Help Us Learn More About Preventing Infections During Chemotherapy

January 15, 2015

CancerCare, the CDC Foundation, and Amgen are working together on a survey to better understand cancer patients’ and caregivers’ knowledge of one of chemotherapy’s side effects that may increase their risk of getting an infection.

Fifteen minutes of your time will help us learn more. The survey results will help us better understand how to prevent infections during cancer treatment. The results will also help the CDC Foundation improve its website that was developed to better educate people with cancer about how to help reduce the risk of infection during treatment. No information that could identify you will be collected or stored.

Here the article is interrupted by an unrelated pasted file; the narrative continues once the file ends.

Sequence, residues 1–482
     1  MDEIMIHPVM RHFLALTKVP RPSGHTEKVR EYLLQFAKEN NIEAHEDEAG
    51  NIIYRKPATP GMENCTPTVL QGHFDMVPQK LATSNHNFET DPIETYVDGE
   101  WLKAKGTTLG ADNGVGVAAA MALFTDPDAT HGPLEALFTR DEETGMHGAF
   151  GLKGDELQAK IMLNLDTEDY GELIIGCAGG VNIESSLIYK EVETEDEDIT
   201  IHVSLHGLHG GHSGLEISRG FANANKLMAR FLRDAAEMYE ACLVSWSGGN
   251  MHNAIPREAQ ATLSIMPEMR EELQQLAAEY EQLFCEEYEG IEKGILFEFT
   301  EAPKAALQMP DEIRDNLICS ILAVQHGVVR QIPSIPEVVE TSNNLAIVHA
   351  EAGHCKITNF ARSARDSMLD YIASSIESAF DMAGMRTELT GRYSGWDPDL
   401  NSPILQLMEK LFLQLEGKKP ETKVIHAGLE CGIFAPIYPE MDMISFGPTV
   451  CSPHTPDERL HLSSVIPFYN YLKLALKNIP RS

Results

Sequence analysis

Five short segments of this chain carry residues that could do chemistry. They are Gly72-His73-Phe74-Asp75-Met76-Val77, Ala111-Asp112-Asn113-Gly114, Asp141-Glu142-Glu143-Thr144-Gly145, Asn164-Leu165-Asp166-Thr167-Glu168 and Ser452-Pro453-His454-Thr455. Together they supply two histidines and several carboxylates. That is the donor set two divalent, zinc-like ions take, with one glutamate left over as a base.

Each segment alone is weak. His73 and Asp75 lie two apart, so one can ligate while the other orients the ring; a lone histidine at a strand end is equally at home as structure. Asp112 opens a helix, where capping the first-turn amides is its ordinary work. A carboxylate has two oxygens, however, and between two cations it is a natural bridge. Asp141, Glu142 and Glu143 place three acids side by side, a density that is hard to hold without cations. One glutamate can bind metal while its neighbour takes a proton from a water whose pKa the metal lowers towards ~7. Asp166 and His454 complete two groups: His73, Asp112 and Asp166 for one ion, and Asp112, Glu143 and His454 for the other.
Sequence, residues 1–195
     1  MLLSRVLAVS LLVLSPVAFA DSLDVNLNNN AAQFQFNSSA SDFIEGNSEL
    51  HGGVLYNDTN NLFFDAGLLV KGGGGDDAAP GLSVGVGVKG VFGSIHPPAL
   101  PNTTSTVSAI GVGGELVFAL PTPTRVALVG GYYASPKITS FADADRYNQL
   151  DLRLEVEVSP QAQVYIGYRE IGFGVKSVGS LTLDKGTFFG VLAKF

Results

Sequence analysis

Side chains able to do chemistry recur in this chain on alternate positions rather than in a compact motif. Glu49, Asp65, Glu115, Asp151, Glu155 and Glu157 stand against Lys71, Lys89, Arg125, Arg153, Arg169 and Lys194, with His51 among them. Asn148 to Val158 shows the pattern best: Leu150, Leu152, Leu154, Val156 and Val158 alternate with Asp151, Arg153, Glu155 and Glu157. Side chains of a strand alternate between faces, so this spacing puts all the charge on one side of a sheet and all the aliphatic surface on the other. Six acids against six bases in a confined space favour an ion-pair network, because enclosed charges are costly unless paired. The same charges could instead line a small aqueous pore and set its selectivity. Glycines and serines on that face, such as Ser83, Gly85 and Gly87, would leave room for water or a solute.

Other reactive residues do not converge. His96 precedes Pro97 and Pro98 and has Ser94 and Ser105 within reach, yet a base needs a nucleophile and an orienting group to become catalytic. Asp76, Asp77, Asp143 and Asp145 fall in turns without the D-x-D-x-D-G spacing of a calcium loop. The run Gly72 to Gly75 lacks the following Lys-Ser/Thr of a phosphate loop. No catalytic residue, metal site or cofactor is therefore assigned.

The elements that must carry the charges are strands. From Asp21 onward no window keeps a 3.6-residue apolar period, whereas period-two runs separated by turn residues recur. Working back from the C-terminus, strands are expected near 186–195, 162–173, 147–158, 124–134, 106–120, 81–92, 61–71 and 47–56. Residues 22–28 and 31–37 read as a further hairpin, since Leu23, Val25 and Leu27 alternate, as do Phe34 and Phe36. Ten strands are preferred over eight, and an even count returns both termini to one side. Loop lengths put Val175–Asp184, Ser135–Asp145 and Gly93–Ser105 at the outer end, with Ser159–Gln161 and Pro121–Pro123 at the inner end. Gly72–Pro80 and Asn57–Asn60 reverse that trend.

As a small token of our appreciation for your help in this effort, we will mail you a tote bag filled with several items to help you or a loved one stay healthy this winter and/or during chemotherapy treatment. This tote bag includes a thermometer, bar of soap, bottle of hand sanitizer and a refrigerator magnet. This offer is available while supplies last.

We invite patients and caregivers to take our 14-question survey. We are looking for:

  • People living with cancer or cancer survivors who are currently being treated for cancer with chemotherapy or who have received chemotherapy in the past 5 years AND have never had and are not scheduled to have a bone marrow transplant (BMT) or stem cell transplant (SCT).
  • Caregivers and loved ones of people who meet the above criteria.

If you meet the above criteria, we would greatly appreciate your participation. Please click here to start the survey. We thank you in advance for your help!